A new culture has now emerged — a culture that makes imaginable a bishop cutting off Holy Communion from Carmelite nuns. Such a thing would have simply been unimaginable before.
In the United States, Archbishop Salvatore Cordileone of San Francisco prohibited Nancy Pelosi, then speaker of the House, from receiving Holy Communion in his archdiocese. Several other bishops supported him. That it happened now, though long debated, is part of the new culture of punishment.
Consider that four decades after dissenting theologian Father Hans Küng was moved from the faculty of Catholic theology to the department of ecumenical theology, all the while continuing to teach at the same German university, his case is still invoked as a case of Roman severity. Four months after Frank Pavone was dismissed from the priesthood altogether, everyone had moved on. In the new culture of punishment, such things are expected and are no longer remarkable.
In recent weeks, Pope Francis appointed new bishops for the Dioceses of Toowoomba, Australia, and Évreux, France. That was something of a coincidence, but a timely reminder of how unusual it used to be to remove a bishop from his diocese.
In Évreux, Pope St. John Paul II removed Bishop Jacques Gaillot in 1995. It was an extended process over many years, with various deputations being sent to Bishop Gaillot to persuade him to return to Catholic orthodoxy. When John Paul finally removed him, it was an ecclesial and political earthquake in France and beyond.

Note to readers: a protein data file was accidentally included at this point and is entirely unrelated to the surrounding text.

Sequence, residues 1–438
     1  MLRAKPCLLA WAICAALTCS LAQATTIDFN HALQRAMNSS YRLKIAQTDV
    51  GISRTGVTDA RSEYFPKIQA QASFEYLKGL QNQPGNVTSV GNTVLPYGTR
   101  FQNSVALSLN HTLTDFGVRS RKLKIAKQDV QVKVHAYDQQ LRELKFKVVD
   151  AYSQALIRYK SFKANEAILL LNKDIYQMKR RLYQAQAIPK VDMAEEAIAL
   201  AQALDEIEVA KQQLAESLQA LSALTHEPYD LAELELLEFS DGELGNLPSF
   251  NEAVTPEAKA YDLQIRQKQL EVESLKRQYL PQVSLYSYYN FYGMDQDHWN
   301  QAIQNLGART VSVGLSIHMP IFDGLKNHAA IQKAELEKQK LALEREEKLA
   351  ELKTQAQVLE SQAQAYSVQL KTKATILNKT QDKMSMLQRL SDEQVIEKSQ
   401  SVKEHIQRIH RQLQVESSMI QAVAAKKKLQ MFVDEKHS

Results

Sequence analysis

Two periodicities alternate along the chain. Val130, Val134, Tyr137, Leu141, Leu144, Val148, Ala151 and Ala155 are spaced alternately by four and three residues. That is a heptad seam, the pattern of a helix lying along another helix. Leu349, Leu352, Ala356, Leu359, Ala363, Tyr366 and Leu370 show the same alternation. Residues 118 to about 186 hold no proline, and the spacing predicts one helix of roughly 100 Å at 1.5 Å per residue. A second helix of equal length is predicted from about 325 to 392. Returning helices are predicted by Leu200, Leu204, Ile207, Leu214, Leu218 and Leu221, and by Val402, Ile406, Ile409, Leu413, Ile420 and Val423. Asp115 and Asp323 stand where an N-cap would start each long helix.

In Toowoomba, Bishop William Morris was another case of dissent. Pope Benedict XVI sent Archbishop Charles Chaput to conduct a visitation in 2007. It took another four years after that for Benedict to finally remove Bishop Morris in 2011.
No longer. Last year, Pope Francis “relieved” Bishop Daniel Fernández Torres from his Diocese of Arecibo in Puerto Rico. He was only 57. While no reason was given, it appeared that Bishop Fernández was at odds with his brother bishops over seminary formation and pandemic policy. For a bishop to be thrown out of office for such matters under John Paul or Benedict would have been impossible to imagine.
Remember Bishop Martin Holley of Memphis? Likely not. He was sent to Memphis in 2016, and soon after there were complaints of his management style. A visitation was sent to Memphis in 2018, and Pope Francis deposed him later that year.
When Bishop Gaillot died two months ago, his case was still well known in France, and his funeral was celebrated by the archbishop of Paris. Bishop Holley’s case is hardly remembered five years later.
Just days after Bishop Gaillot’s funeral, Pope Francis sacked French Archbishop Luc Ravel of Strasbourg. In France, there have been several bishops quickly removed for personal misconduct, though that was not the case with Archbishop Ravel, who was pushed out over pastoral (mis)governance.
Early on, in 2014, Pope Francis sacked Bishop Franz-Peter Tebartz-van Elst of Limburg, Germany, after a controversy over spending on his residence. Many others have followed.
Indeed, a bishop being forced out is no longer a major Catholic story, as it was in the days of Bishops Gaillot or Morris. It’s no longer an anomaly, but the new culture. A culture shaped by Francis, the pope of law and punishment.
In the 1960s, the Church had forgotten about both. Has the balance now been restored?